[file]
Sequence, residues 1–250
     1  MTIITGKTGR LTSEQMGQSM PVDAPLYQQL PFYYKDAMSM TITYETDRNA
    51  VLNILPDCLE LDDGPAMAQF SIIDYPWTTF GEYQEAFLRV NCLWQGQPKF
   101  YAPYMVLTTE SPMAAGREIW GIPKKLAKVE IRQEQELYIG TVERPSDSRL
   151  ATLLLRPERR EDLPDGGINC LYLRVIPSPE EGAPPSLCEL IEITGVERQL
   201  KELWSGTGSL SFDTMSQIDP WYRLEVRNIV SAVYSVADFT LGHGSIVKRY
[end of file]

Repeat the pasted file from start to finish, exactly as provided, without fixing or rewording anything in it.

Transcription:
Sequence, residues 1–250
     1  MTIITGKTGR LTSEQMGQSM PVDAPLYQQL PFYYKDAMSM TITYETDRNA
    51  VLNILPDCLE LDDGPAMAQF SIIDYPWTTF GEYQEAFLRV NCLWQGQPKF
   101  YAPYMVLTTE SPMAAGREIW GIPKKLAKVE IRQEQELYIG TVERPSDSRL
   151  ATLLLRPERR EDLPDGGINC LYLRVIPSPE EGAPPSLCEL IEITGVERQL
   201  KELWSGTGSL SFDTMSQIDP WYRLEVRNIV SAVYSVADFT LGHGSIVKRY